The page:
If Bad Habits Stick, Good Ones Do Too

Kicking On Your Front
Use drills to break habits and learn new movements.

Here's an important point.

Many swimmers believe they have to concentrate very hard when they swim or their stroke technique will 'fall apart'. They're vastly over-estimating the influence of their conscious mind as they're swimming! If they mentally switched off they would swim almost identically – sometimes better because they'd be more relaxed.

Some swimmers endlessly perform technique drills and only swim very slowly, believing that if they tried some faster swimming or lose their focus for a second that their stroke will deteriorate. This is very rarely the case. If you change your pace or think about something else your stroke will usually be just fine.

Conclusion: When you swim have faith in your innate ability. It's not just bad things about your stroke that hang about, the good things do as well. At Swim Smooth we often say "Good Habits Stick Too!".

You'll see this principle in action in one of our keys to swimming faster: Rhythm and Timing.

The Power Of Visualisation

If a picture paints a thousand words then perhaps a video renders ten thousand? We recommend you take a good look at the Mr Smooth swimming visualisation we use throughout this site.

75 strokes per minute
75 strokes per minute - Ian Thorpe's racing stroke rate. Have you met Mr Smooth yet?

By watching our video of world class swimmers and our Mr Smooth animation of an ideal stroke, you will pick up subconscious cues about the stroke. This can take a little while to come through into your own stroke so we recommend you watch Mr Smooth and our other stroke visualisations from the DVD Boxset as often as possible. Doing this before going for a swim session or before going to bed at night is ideal.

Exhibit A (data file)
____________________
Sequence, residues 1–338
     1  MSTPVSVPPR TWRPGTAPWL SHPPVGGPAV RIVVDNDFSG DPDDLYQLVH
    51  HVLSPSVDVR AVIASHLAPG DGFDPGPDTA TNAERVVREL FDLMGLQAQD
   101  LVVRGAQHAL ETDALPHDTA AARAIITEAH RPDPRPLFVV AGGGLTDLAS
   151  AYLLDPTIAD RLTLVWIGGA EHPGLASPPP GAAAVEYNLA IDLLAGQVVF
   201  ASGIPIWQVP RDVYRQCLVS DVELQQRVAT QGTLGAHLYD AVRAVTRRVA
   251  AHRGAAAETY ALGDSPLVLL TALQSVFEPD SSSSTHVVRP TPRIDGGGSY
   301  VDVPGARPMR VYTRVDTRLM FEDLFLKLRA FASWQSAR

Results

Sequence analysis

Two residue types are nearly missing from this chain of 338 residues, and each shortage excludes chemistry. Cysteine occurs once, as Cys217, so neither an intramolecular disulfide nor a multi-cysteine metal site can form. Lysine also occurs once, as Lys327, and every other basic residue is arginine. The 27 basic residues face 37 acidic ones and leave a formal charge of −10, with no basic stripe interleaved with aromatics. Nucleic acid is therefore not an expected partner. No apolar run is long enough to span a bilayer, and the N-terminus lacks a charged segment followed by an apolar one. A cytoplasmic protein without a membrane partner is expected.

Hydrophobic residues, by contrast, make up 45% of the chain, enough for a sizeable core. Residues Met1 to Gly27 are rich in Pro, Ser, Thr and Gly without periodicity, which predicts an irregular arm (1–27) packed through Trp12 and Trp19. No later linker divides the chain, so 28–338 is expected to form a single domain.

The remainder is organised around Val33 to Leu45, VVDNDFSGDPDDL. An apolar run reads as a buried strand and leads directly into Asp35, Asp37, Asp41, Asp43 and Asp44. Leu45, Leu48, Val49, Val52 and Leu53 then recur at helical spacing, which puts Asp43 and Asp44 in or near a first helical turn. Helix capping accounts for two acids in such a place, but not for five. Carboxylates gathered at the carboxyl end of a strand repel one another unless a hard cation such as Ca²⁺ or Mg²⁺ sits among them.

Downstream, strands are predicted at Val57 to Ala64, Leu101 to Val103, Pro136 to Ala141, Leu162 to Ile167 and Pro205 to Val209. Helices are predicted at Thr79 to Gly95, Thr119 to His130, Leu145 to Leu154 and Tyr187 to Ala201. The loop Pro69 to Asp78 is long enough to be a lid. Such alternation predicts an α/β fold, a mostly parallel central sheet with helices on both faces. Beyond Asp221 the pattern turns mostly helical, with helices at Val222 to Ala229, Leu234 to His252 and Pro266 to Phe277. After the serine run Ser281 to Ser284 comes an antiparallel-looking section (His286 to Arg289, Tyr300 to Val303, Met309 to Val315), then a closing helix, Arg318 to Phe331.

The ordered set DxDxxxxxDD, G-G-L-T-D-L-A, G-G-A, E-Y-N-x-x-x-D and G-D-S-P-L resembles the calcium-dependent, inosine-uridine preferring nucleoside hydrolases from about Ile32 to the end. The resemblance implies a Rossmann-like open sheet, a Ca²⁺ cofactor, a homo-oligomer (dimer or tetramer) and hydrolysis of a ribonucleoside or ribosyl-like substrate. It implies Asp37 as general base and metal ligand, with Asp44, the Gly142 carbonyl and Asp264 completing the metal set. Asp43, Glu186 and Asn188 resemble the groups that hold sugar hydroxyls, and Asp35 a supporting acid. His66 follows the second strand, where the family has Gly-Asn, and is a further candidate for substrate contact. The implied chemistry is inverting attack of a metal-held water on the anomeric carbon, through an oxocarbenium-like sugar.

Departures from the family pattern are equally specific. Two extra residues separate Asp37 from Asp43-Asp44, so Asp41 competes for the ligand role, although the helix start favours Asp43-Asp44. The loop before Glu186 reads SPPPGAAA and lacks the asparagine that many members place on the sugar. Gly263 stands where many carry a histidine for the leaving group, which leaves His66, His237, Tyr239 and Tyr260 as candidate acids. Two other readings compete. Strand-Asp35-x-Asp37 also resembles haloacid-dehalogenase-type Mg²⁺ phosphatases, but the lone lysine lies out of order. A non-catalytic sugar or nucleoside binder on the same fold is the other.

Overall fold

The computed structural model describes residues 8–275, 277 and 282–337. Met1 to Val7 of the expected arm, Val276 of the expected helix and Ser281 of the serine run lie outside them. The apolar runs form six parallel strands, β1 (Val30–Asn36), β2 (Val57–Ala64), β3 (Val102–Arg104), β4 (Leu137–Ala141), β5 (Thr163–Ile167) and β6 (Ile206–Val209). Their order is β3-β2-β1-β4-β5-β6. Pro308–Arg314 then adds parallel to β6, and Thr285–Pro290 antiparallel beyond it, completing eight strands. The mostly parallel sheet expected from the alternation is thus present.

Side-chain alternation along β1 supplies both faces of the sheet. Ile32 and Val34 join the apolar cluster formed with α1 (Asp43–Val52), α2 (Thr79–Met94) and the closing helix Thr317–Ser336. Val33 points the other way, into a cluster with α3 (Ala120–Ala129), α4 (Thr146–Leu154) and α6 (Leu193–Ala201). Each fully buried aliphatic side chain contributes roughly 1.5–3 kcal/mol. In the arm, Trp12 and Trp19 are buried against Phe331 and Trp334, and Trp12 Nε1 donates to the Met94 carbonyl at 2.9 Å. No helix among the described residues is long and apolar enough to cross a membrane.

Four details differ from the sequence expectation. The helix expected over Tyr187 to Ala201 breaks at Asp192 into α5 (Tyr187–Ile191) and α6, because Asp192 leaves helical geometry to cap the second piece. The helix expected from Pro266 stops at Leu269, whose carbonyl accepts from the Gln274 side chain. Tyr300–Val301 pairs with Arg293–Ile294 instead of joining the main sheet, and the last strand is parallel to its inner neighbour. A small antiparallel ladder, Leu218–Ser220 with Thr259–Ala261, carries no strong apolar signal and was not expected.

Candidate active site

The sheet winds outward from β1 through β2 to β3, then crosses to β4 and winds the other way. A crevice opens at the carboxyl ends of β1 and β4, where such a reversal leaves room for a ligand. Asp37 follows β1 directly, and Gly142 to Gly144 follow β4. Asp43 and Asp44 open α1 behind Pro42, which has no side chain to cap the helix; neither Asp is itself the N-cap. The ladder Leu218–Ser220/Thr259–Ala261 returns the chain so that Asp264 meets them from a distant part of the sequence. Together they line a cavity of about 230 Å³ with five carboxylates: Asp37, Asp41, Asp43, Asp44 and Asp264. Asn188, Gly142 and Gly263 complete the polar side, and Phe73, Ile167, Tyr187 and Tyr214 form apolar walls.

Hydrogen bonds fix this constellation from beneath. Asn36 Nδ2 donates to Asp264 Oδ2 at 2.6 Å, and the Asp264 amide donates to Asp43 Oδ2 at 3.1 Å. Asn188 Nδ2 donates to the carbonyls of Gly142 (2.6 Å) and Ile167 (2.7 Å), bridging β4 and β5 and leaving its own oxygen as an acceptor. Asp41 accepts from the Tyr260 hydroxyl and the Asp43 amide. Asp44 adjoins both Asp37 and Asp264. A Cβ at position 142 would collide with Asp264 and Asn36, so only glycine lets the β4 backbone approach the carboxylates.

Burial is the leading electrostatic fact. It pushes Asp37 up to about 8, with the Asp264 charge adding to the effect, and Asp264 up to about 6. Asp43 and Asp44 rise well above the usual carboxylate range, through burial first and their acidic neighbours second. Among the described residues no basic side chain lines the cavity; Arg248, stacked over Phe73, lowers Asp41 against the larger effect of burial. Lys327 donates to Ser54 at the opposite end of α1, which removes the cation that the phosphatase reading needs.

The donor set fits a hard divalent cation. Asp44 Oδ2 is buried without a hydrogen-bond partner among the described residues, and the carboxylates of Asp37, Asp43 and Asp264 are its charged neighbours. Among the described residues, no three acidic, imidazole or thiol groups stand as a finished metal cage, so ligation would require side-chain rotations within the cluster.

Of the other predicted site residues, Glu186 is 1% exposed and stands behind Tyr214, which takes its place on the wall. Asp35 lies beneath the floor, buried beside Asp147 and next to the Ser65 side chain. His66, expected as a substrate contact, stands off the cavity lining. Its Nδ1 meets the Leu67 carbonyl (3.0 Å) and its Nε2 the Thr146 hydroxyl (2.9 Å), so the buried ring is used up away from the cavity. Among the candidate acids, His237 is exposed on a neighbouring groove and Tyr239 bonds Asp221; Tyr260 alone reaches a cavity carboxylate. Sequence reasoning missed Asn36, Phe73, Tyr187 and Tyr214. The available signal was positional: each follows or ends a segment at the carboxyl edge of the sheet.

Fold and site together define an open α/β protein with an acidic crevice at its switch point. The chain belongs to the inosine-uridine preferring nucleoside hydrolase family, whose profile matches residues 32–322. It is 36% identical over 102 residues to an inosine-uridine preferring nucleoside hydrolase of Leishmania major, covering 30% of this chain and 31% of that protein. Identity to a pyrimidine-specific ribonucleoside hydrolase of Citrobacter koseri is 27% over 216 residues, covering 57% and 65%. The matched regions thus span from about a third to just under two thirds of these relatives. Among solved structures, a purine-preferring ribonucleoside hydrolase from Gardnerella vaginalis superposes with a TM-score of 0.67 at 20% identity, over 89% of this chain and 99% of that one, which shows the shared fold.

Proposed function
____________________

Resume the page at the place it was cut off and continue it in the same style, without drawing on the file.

As you watch a visualisation, feel yourself performing the movements. Actually play it through in your mind, think about your muscles moving and say to yourself 'this is how I want to feel when I swim'. Do this as often as possible and changes will gradually appear in your stroke technique.

Swimming Toys

Swimming 'toys' such as kick boards, pull buoys, fins (flippers) and paddles can help you feel and do things you otherwise could not. For instance, fins make rotation drills much easier and allow you to feel what it is like to swim quicker.

Swim Smooth encourage the use of swim toys to achieve specific things – they can help you a great deal. They can also break the monotony of swimming sessions, giving you another feeling and focus to break things up.

However, you must be careful not to become reliant on swim toys. The classic example of this is to become reliant on using a pull buoy – which happens with many triathletes.

Our Training Programs

We sell highly detailed 35 Session Training Plans for you to use to develop your swimming. These contain the right mix of training intensities and technique work to improve your stroke and develop your fitness. Check them out: swimming training plans.

Return to the Swimming Know-How section of this site